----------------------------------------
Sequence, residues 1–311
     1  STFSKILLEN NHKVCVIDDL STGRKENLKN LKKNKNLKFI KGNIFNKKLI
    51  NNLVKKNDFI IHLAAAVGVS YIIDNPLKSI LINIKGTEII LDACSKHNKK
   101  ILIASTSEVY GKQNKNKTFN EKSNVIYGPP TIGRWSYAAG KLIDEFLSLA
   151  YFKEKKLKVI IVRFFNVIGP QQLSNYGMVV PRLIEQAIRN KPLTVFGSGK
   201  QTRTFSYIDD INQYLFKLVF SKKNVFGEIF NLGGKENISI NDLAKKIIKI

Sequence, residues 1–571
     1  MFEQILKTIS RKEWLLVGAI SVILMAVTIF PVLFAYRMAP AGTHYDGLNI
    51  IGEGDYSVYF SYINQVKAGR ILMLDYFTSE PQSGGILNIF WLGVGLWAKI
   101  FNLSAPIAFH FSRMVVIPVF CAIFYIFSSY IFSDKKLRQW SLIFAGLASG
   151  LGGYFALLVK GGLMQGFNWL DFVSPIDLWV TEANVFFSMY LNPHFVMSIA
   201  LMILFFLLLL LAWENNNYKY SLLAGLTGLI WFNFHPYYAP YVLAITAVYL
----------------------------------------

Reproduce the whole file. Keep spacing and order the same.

Sequence, residues 1–311
     1  STFSKILLEN NHKVCVIDDL STGRKENLKN LKKNKNLKFI KGNIFNKKLI
    51  NNLVKKNDFI IHLAAAVGVS YIIDNPLKSI LINIKGTEII LDACSKHNKK
   101  ILIASTSEVY GKQNKNKTFN EKSNVIYGPP TIGRWSYAAG KLIDEFLSLA
   151  YFKEKKLKVI IVRFFNVIGP QQLSNYGMVV PRLIEQAIRN KPLTVFGSGK
   201  QTRTFSYIDD INQYLFKLVF SKKNVFGEIF NLGGKENISI NDLAKKIIKI

Sequence, residues 1–571
     1  MFEQILKTIS RKEWLLVGAI SVILMAVTIF PVLFAYRMAP AGTHYDGLNI
    51  IGEGDYSVYF SYINQVKAGR ILMLDYFTSE PQSGGILNIF WLGVGLWAKI
   101  FNLSAPIAFH FSRMVVIPVF CAIFYIFSSY IFSDKKLRQW SLIFAGLASG
   151  LGGYFALLVK GGLMQGFNWL DFVSPIDLWV TEANVFFSMY LNPHFVMSIA
   201  LMILFFLLLL LAWENNNYKY SLLAGLTGLI WFNFHPYYAP YVLAITAVYL